Vol. 1092 | 26 Jul 2019

The Technical Report CEN/TR 17376: 2019 has been published. The standard is a guidance document which is intended to clarify the requirements and interpretations of EN 14682. It does not replace EN 14682: 2014 and a revision of this standard is now in progress.


In response to European Commission Mandate M 309, EN 14682: 2004 Safety of Children's Clothing – Cords and drawstrings on Children's Clothing – Specification, was developed and then harmonized under the General Product safety Directive in July 2007. A revision commenced in 2005 due to industry comments and published in 2007 and harmonized in 2011. A further revision was published in 2014 and was harmonized in 2015.

In 2008 an EU Commission report highlighted the need for additional guidance on the use of the standard for industry and market surveillance to explain the technical aspects of garment design and manufacture. Just like adult clothing, children’s clothing is very fashionable and quite often based on adult styles and designs, and as consequence, they change rapidly and could present a hazard to the child. The aim of the technical report is to assist all the stakeholders in the clothing industry.

The technical report is written in a Q&A format and the garments mentioned are examples of frequently asked questions by market surveillance or the clothing industry.

The requests for guidance or clarification are channelled through to the CEN working group via a country’s National committee and then a decision is made as to:

  1. Clarify the standard;
  2. No action required; (Clarification/amendment not required)
  3. Propose an amendment.

Brief summary of the changes

Out of scope items

The scope lists many items that are listed as “out of scope” but even though they are not included, it doesn’t mean they are safe and should still be risk assessed. This will be addressed in a revision of EN 14682.

Hoods on garments – It has been questioned why hoods are not considered, but a hood is neither a cord or a drawstring and no data collated in the last 5 years has identified a hood as being the cause of entrapment. No action required to amend EN 14682.

Disguise costumes – If the item has cords or drawstrings that do not meet breakaway clause (8.38) then it should meet the requirements of EN 14682. No action required to amend EN 14682.

Belts – Tied belts (30mm or more without a fastening mechanism) are in scope. Belts with a fastening mechanism are out of scope but still subject to a risk assessment. No action required to amend EN 14682.

Braces – These are out of scope and should be used to hold up garments and should be close fitting to avoid any hazards. The wearing of braces off the shoulder and advertising as such is not acceptable on children’s clothing. No action required to amend EN 14682.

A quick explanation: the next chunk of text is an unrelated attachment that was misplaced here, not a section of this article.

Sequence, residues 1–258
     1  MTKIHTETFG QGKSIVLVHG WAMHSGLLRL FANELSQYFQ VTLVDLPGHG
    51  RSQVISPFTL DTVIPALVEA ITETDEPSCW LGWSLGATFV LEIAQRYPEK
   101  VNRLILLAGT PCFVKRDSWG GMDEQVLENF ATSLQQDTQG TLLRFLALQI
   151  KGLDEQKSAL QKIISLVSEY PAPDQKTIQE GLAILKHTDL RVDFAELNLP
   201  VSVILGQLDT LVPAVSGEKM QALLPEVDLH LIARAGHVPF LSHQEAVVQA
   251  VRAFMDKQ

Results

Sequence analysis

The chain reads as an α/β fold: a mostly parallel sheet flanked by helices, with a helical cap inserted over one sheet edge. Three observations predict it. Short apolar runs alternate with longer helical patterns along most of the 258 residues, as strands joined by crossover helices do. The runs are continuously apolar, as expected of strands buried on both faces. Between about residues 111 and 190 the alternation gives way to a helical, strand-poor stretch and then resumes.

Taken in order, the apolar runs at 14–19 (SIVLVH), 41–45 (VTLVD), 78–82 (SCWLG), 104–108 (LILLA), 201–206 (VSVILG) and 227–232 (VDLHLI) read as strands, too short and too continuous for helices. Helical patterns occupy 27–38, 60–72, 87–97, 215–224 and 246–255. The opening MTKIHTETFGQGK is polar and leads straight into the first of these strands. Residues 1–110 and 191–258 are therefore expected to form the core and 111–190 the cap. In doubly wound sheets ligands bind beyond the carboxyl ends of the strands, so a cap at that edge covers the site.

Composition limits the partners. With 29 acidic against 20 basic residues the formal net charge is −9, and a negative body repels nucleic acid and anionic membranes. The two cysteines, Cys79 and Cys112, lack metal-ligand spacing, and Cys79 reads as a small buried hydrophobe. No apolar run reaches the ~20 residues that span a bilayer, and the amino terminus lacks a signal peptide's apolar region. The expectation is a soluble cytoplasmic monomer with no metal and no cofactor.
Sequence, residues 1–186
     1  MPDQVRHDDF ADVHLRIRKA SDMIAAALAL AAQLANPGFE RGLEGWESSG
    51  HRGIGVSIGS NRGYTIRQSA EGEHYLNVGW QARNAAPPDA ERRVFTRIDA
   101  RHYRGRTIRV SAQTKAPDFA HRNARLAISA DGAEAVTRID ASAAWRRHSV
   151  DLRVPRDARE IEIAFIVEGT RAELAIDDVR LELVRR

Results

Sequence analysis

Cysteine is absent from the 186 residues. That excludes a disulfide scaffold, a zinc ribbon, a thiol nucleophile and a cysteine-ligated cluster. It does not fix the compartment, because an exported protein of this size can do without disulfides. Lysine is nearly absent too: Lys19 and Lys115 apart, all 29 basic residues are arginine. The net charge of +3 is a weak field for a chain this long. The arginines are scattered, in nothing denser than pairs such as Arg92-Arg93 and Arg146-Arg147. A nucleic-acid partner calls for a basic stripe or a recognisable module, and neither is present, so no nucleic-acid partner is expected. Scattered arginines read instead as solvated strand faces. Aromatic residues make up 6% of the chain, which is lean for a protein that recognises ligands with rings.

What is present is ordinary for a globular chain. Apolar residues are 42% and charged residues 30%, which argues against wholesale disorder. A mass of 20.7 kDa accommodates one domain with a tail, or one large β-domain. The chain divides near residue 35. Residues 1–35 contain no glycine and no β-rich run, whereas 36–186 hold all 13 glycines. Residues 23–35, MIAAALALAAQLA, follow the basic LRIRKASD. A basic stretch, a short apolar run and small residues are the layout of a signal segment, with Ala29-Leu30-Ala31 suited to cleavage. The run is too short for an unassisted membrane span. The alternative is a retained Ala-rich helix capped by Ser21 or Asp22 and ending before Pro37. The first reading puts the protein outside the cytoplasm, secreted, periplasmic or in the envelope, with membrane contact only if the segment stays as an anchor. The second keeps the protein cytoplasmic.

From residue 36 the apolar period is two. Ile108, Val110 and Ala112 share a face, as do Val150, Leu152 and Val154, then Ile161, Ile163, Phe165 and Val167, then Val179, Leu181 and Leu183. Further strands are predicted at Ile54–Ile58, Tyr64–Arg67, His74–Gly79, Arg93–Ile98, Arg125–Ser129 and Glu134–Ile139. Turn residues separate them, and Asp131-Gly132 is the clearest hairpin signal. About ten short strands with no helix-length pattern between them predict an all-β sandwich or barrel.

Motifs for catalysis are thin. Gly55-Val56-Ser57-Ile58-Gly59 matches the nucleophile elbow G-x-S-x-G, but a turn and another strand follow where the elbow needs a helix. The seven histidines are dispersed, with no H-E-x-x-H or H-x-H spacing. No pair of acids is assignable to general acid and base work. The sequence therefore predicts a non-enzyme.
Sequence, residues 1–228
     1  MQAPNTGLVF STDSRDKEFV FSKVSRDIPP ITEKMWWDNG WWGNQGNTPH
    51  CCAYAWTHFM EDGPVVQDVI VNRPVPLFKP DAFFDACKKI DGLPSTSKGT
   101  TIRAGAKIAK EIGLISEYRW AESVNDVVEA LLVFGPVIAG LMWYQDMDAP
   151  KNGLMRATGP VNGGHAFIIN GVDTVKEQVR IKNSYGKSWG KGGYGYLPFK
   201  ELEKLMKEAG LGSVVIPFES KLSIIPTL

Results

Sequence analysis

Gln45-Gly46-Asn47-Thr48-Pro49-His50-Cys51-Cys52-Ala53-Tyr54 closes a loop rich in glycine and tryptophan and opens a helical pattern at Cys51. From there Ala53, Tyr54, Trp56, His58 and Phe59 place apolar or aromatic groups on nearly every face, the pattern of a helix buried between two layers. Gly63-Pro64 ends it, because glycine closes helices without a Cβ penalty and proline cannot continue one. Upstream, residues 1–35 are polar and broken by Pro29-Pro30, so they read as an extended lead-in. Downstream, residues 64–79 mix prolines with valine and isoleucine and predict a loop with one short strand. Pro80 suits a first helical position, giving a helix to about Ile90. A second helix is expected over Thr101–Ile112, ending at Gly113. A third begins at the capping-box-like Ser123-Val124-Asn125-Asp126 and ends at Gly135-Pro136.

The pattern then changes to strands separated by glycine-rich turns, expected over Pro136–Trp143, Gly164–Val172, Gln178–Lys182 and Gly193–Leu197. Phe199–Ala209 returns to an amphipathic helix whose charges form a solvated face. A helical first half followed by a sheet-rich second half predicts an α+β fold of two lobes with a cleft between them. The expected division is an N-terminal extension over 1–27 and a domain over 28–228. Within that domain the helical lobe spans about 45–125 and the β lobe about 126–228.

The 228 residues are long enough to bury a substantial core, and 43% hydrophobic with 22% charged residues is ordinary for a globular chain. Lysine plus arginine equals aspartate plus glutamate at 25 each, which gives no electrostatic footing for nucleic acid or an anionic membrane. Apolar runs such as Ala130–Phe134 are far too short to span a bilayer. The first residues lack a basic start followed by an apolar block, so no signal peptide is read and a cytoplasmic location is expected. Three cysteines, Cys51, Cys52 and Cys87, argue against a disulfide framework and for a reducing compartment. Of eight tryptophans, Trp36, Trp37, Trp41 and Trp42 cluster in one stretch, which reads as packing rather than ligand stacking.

Loop in 2.15 “Attached” means permanently sewn, riveted or similar. To be clarified in revision of EN 14682.


Raw edges (frayed hems) – Maximum length of 20mm allowed and secured to prevent further fraying or unravelling.

Hoods with a drawstring at the back and side to side channel (Skiwear/outdoor jackets)  Not allowed on young or older children.

Animal ears, antennae, etc. on hood of clothing – These are not decorative cords, they are small fabric panels which are design features of the garment. These each require individual risk assessment based on the requirements and principles in EN 14682:2014 Annex E.

Provided the small fabric panels:

  1. protrude by no more than 75mm, and
  2. cannot be knotted, and
  3. have no additional embellishment, and
  4. based on their shape and position, the panels cannot be tied together,

these present no hazard of entrapment and are acceptable.

Snoods (tubular scarves) – Not initially considered during the development of the standard but should be assessed against the relevant clauses in zone A.

Belts with fastening mechanisms permanently attached to garments  Only removable belts were considered initially. Attached belts present the same hazards as functional cords and should be assessed as such.

Shoulder tabs – Even if decorative should meet adjusting tabs requirements.

Grown on ties at the lower hem of T-shirts – This feature has the same hazard as a functional or decorative cord. The length of the feature is measured between the extremities: from the valley between the ties to the tip of the tie. The bottom edge of the garment is the valley between the ties.

Drawstrings on board shorts with multiple eyelets – They should be measured from the last exit point.

Zip pullers at the back of the neck (Dress for example) – A zip puller is acceptable if it is no more than 75mm in length, including any embellishment, or loop is no more than 75mm in circumference.

Dungarees with shoulder straps which fasten to the garment at the waist with free ends which are not totally inside the garment – Allowed if they are no more than 20mm when fastened.

For additional information please contact:

Dave Smith


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